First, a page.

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Will Battleship: The Movie Float?

November 22, 2009

While researching why Hollywood seems unable to conceive a single new movie idea, I found a reason to root for a Hancock sequel.  Since Peter Berg, director of the first Will Smith/Charlize Theron almost-good-but-ultimately-bad superhero movie), will be spending time on the follow-up, maybe he’ll spend less time on Battleship, the movie he’s agreed to make about the beloved paper-and-pen/board/electronic game.  Then again, even if Hancock 2, the devil we know, did somehow delay or abort Battleship (it won’t), it would be a Pyrrhic victory if a victory at all.

If you haven’t noticed, studios and producers are snapping up every single 70s and 80s cultural artifact and trying to get it made, or remade, into a movie.  This certainly isn’t new, but the scope and intensity of the recent rights-buying spree is.  Everything from Stretch Armstrong to Bazooka Joe to freaking Asteroids will become a film if all goes well (or poorly?).  Universal is vying for the lead in the conversion of old toys and games to the big screen: “’Battleship’ is the latest in Universal’s strong push toward branded entertainment films, and Hasbro has fast become an increasingly important cog in that campaign.”  In addition to the game of naval warfare, Universal (or the hipper “U” in the article) has also optioned a bunch of other table-based pastimes: Monopoly (this was already made as Wall Street and Glengarry Glen Ross, but since Ridley Scott is attached I’ll probably watch it), the aforementioned Stretch Armstrong, Clue (this was already a great movie, so why remake it?), Candyland (Willy Wonka & the Chocolate Factory), Ouija (with Michael Bay involved it will contain explosions, somehow, and hotties in their early 20s, which it should anyway because it’s going to be a crappy horror movie).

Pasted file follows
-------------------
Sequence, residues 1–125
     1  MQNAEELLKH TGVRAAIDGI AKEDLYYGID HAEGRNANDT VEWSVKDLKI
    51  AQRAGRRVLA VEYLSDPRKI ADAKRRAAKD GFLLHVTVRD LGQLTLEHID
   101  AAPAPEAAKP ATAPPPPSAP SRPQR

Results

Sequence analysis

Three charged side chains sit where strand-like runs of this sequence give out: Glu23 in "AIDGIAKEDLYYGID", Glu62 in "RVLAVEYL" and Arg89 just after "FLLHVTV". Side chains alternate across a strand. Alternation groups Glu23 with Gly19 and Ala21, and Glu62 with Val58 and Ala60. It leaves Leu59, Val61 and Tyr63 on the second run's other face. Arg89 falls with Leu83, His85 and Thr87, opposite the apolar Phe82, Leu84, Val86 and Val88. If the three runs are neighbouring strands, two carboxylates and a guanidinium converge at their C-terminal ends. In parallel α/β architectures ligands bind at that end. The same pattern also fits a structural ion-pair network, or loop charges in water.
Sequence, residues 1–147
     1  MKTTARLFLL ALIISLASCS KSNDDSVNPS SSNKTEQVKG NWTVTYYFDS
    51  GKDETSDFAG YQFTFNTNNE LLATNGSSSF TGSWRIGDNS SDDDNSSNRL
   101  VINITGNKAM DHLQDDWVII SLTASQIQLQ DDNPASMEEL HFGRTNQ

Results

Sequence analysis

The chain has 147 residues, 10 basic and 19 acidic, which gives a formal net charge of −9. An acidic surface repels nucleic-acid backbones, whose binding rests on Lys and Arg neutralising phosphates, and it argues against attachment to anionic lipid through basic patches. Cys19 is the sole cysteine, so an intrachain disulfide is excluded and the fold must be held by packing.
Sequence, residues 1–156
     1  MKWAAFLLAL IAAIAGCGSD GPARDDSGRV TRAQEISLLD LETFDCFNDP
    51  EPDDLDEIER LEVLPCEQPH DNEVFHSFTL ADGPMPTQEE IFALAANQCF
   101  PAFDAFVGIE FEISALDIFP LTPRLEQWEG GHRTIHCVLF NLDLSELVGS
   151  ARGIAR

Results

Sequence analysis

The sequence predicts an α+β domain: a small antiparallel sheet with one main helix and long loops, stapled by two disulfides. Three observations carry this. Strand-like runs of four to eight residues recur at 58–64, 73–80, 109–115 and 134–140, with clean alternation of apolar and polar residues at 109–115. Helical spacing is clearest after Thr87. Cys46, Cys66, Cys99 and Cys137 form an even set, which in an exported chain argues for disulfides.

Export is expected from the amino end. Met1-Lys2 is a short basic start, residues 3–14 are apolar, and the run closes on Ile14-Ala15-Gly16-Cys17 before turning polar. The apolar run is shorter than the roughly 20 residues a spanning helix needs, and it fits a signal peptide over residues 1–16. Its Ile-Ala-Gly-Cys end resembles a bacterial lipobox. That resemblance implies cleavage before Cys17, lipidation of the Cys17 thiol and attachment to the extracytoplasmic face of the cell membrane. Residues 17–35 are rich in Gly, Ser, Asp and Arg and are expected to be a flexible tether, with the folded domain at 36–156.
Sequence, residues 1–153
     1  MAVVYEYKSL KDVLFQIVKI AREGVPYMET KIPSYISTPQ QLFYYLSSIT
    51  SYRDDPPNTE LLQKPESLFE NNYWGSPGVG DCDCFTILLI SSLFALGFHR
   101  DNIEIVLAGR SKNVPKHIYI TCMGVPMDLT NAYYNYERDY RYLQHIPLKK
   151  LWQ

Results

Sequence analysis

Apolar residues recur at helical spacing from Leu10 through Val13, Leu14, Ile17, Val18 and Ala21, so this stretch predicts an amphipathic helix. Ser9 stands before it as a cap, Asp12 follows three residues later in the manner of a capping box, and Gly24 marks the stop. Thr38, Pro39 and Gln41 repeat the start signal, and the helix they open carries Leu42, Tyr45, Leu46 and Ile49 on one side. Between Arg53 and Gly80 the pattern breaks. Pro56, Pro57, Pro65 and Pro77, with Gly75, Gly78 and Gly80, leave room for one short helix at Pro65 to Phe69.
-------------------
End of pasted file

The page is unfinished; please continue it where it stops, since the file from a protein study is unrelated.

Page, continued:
Since there’s been no talk of Battleship: The Movie plot or characters yet (and the final product may effectively not contain them), we have only Berg’s description to contemplate: “a contemporary story of an international five-ship fleet engaged in a very dynamic, violent and intense battle.”  With no details about the opposing force, unless the enemy drops giant red plastic pegs onto ships containing large cylindrical holes, the only connection to the game will be that both have battleships in them.  This would be the same relationship that the game Operation has to, say, ER.  Otherwise, Battleship will be just another big-budget war movie only tangentially related to the game that “inspired” it.  However, Hasbro sells a zillion extra units to nostalgic thirty- and forty-somethings without having to spend R&D money on a new game, and Universal doesn’t have to come up with any new movie ideas.

Let’s hope Berg, son of a naval historian, can inject some of the squirm-inducing discomfort of Very Bad Things or over-the-top campiness of The Rundown.  This is rare for a war movie, though, so we’ll probably get The Kingdom at sea: surface treatment of an interesting subject, accompanied by loud, jerky, lengthy action sequences.  Because of Berg’s early track record, I might give this one the benefit of the doubt.  I fear, however, that Battleship will be sunk before it ever leaves the harbor.

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